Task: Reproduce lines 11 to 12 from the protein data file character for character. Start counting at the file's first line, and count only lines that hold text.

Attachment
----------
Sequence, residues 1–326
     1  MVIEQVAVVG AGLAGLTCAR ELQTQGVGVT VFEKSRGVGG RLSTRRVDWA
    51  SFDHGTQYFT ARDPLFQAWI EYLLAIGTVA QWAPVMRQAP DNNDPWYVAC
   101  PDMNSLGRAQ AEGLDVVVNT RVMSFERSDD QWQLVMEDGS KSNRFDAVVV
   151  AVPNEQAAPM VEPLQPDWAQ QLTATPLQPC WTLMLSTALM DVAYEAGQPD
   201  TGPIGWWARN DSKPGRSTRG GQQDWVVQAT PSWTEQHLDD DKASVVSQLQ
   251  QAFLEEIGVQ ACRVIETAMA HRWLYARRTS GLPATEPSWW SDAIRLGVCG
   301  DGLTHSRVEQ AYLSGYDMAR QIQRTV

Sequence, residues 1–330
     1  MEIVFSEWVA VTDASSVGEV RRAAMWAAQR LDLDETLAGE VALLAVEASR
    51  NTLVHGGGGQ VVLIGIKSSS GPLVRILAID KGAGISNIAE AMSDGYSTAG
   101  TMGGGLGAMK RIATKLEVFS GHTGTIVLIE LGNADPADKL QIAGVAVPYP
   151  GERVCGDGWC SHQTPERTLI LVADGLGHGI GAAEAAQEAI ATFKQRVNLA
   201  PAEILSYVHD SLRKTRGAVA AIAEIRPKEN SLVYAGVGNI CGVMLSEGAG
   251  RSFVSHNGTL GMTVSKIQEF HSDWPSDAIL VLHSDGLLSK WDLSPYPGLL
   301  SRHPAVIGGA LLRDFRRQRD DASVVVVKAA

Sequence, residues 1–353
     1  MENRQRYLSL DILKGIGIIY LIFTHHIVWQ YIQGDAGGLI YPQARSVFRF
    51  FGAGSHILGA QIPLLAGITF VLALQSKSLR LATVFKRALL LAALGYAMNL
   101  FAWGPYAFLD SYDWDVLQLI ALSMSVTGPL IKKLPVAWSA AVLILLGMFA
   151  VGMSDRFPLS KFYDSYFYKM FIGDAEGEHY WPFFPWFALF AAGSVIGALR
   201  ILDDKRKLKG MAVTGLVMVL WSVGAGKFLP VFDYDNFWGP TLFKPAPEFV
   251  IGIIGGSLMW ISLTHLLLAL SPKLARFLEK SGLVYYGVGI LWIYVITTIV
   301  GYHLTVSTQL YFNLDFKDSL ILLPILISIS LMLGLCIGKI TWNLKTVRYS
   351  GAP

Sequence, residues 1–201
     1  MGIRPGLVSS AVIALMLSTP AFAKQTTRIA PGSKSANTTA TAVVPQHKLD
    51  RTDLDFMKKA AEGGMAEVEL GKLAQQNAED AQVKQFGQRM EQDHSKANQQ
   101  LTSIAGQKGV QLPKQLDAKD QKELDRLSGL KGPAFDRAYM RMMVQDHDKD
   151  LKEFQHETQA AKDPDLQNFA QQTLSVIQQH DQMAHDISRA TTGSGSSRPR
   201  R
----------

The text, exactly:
    51  NTLVHGGGGQ VVLIGIKSSS GPLVRILAID KGAGISNIAE AMSDGYSTAG
   101  TMGGGLGAMK RIATKLEVFS GHTGTIVLIE LGNADPADKL QIAGVAVPYP